Throughout 2016, Melbourne witnessed an emerging trend in the direction of larger townhouses and apartments – and it’s not showing any signs of slowing down. Expected to continue well into 2017, what effects will this have on the market as a whole?
Key real estate projects
Projects such as the Optimus Development’s K1 project, situated on Union Street, offer 180sqm apartments, considerably bigger than most would expect. Around the corner in South Yarra lies apartments ranging from 207 – 403sqm, which are attracting the premium, high-earner market dwelling within Melbourne’s wealthier suburbs.
Why are people interested in them?
One key reason that these apartments are soaring in popularity – aside from their intense size – is the high level of convenience they offer. Instead of looking for land with a property on it, property owners can now enjoy all of the features of a house within a more central location.
Owners will also benefit from 360° panoramic views of the surrounding city, as these large apartments don’t share walls with any others. The sheer amount of windows mean that ample light is provided regardless of time of day and occupants don’t have to worry about noise from next door neighbours.
Luxury communal facilities
Many of these new, larger apartment complexes also offer a range of shared amenities, such as gyms, shops and swimming pools. This is just another attraction that’s causing so many to downsize – owners of these apartments will no longer have to be concerned by expensive upkeep costs, they’ll instead be able to enjoy the convenience of inner-city living with unlimited facility usage.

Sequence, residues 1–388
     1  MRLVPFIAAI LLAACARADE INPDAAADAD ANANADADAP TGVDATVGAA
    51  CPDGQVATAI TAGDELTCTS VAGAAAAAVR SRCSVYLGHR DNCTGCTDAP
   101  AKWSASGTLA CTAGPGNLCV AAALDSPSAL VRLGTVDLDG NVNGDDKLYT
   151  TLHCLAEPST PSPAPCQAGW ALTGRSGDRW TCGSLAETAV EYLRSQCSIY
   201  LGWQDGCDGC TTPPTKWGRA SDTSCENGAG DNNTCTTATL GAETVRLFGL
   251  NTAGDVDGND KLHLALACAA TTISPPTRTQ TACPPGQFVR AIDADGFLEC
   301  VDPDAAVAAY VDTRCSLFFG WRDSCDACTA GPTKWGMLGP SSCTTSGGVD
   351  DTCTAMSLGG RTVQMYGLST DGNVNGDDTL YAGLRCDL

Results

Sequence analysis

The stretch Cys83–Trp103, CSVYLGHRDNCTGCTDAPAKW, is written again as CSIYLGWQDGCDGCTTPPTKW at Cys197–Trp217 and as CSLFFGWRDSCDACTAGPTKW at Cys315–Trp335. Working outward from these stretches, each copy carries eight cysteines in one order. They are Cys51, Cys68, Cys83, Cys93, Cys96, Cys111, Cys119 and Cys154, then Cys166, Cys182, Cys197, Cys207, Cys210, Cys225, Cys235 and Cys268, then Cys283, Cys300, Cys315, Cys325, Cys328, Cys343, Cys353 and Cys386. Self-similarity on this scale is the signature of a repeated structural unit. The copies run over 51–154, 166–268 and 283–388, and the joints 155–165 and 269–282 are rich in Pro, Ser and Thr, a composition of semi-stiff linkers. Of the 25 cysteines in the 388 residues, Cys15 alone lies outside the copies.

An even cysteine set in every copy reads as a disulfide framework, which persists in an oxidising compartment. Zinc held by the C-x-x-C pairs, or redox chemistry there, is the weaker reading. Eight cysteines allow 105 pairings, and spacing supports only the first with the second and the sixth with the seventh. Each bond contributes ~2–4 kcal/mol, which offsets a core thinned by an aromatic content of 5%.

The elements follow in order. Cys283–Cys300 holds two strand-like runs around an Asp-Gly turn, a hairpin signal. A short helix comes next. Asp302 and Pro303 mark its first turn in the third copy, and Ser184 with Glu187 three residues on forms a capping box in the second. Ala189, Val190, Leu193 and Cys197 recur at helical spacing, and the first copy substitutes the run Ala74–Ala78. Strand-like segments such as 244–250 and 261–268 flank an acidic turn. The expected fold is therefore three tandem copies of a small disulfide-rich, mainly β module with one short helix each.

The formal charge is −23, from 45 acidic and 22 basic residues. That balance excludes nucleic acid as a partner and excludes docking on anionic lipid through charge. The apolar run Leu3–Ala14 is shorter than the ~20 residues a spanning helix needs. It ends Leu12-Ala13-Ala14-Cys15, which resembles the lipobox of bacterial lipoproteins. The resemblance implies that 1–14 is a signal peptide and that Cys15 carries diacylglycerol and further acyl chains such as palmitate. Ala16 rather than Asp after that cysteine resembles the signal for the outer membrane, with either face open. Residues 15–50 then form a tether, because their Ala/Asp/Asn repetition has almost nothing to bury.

Bank lending is playing its part
Recent changes in bank lending from Australia’s largest banks is also having an effect. With the aim of diverting investor focus to lower-density, larger apartments, these banks are tightening their rules on lending money to those looking to buy smaller apartments in higher-density areas.
These smaller projects are also far more likely to gain support from councils and local residents, which far reduces the associated costs of mediations with any unhappy locals. In the end, this will also lead to a smoother road to winning final approval from respective councils.